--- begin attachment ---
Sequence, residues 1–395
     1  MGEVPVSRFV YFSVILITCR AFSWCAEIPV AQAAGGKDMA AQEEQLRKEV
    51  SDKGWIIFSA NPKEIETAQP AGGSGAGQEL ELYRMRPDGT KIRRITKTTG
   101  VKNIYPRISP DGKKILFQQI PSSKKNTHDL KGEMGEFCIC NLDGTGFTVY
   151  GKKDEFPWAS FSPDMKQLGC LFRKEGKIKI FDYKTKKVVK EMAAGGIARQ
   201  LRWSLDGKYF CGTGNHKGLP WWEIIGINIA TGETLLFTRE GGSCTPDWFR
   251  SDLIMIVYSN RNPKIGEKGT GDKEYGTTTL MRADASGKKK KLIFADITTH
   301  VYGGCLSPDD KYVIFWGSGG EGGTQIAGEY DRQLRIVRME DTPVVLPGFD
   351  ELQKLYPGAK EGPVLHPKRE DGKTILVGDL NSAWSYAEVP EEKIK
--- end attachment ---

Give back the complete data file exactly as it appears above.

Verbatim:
Sequence, residues 1–395
     1  MGEVPVSRFV YFSVILITCR AFSWCAEIPV AQAAGGKDMA AQEEQLRKEV
    51  SDKGWIIFSA NPKEIETAQP AGGSGAGQEL ELYRMRPDGT KIRRITKTTG
   101  VKNIYPRISP DGKKILFQQI PSSKKNTHDL KGEMGEFCIC NLDGTGFTVY
   151  GKKDEFPWAS FSPDMKQLGC LFRKEGKIKI FDYKTKKVVK EMAAGGIARQ
   201  LRWSLDGKYF CGTGNHKGLP WWEIIGINIA TGETLLFTRE GGSCTPDWFR
   251  SDLIMIVYSN RNPKIGEKGT GDKEYGTTTL MRADASGKKK KLIFADITTH
   301  VYGGCLSPDD KYVIFWGSGG EGGTQIAGEY DRQLRIVRME DTPVVLPGFD
   351  ELQKLYPGAK EGPVLHPKRE DGKTILVGDL NSAWSYAEVP EEKIK